Starbucks CEO Howard Schultz has said in recent years that the company seeks to become a “third place,” a space between work and home. This term was popularized by sociologist Ray Oldenburg in The Great Good Place. But exactly how a coffee shop should operate in order to be a third place is up for debate. A new San Francisco firm, The Summit Cafe, envisions a coffeeshop plus a center for technological incubation:
With its copious power outlets, Gouda-wrapped meatballs, and a curated magazine rack featuring vintage Steve Jobs covers, the Summit café sits at the intersection of San Francisco’s three most conspicuous tribes: techies, foodies, and yuppies. Yet what separates the Summit from being just another Wi-Fi boîte is the dual-purpose nature of the 5,000-square-foot space. One floor above the Laptop Mafia, the café features a cluster of offices where groups of programmers and developers toil away in an effort to launch the next Twitter—or at least the next OkCupid. Created by i/o Ventures, a Bay Area startup accelerator comprising former executives from MySpace (NWS), Yahoo! (YHOO), and file-sharing site BitTorrent, the Summit is equal parts Bell Labs and Central Perk—and probably the country’s first official coffeehouse tech incubator. Every four months, i/o selects and funds a handful of small tech ventures to the tune of $25,000 each in return for 8 percent of common stock. In addition to the cash, each team gets four months of office space at the Summit, mentoring from Web gurus like Russel Simmons of Yelp, and discounts on all the Pickle & Cheese Plates or White Snow Peony Tea they could possibly need. Since the café opened on Valencia Street last fall, two companies have already been sold, including damntheradio, a Facebook fan management tool. To hedge against any potential risk, i/o also rents half of the Summit’s other desk space to independent contractors and fledgling Web entrepreneurs. It’s even experimenting with an arrangement in which customers can pay $500 for a dedicated desk—on top of a $250 membership fee.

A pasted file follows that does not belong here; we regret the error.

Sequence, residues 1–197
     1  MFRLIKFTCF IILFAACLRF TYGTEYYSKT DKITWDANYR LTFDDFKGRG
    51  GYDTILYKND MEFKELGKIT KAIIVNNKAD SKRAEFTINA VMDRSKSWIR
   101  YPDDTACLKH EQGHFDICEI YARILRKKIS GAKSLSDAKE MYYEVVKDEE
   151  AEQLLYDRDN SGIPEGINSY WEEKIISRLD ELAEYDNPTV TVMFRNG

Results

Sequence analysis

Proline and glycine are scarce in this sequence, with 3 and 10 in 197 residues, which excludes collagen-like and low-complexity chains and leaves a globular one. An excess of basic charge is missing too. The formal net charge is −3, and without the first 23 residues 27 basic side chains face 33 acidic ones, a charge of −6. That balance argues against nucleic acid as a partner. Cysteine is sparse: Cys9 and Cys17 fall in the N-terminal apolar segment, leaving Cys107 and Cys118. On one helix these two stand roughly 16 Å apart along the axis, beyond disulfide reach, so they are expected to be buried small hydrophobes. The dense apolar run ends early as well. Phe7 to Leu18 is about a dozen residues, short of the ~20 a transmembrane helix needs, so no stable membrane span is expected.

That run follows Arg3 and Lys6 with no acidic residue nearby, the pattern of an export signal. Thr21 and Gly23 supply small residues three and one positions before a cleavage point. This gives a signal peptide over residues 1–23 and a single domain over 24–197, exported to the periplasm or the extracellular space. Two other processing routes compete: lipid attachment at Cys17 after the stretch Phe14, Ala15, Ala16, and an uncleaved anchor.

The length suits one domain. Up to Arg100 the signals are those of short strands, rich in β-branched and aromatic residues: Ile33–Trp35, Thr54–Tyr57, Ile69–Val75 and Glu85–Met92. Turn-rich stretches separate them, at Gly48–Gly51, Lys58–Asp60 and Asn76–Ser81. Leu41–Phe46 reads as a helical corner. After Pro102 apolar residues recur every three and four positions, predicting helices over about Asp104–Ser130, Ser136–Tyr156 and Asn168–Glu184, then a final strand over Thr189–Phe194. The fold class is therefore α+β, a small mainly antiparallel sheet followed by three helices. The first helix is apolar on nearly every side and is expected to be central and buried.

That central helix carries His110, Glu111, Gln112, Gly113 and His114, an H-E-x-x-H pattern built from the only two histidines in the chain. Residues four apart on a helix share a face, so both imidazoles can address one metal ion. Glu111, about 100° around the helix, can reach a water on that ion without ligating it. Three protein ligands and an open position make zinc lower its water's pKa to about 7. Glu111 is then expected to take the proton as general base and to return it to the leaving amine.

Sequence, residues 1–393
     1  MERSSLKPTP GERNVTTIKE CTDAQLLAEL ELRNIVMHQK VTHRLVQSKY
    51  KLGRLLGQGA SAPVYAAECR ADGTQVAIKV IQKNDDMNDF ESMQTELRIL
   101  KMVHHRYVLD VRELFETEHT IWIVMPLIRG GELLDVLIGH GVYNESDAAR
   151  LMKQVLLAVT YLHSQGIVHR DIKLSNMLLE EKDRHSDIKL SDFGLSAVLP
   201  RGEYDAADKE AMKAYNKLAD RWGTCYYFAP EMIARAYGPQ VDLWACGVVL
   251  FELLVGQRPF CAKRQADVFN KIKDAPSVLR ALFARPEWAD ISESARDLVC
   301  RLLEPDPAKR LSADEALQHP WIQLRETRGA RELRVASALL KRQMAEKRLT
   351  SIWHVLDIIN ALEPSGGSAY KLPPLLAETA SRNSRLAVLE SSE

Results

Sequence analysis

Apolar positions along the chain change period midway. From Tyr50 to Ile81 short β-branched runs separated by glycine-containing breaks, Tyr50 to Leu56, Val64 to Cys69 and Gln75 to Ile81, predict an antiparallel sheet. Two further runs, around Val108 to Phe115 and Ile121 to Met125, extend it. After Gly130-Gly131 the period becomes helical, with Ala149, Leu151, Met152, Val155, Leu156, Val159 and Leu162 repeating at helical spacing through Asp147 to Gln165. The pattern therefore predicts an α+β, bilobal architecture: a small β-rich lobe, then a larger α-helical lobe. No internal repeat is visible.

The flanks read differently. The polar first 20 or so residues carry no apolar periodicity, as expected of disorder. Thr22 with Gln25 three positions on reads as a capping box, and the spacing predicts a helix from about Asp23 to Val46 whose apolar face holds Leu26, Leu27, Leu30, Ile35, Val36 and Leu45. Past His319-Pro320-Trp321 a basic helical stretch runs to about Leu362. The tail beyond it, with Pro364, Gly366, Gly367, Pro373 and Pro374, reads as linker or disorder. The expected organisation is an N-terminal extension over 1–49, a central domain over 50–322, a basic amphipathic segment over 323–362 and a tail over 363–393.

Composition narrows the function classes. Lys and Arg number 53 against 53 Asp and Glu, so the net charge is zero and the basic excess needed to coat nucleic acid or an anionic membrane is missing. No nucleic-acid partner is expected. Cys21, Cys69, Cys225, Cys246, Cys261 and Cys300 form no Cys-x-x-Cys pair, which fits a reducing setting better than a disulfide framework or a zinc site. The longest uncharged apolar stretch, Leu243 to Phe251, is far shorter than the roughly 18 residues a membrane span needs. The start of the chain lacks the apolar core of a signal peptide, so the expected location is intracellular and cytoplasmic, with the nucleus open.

Is this sort of thing only possible in San Francisco (high-tech culture) or perhaps just in major cities?
But this space does seem more like a work space than a true third place. Are there people who come here just to hang out? Do fledgling companies that come here mix with other fledgling companies to form new ideas and firms?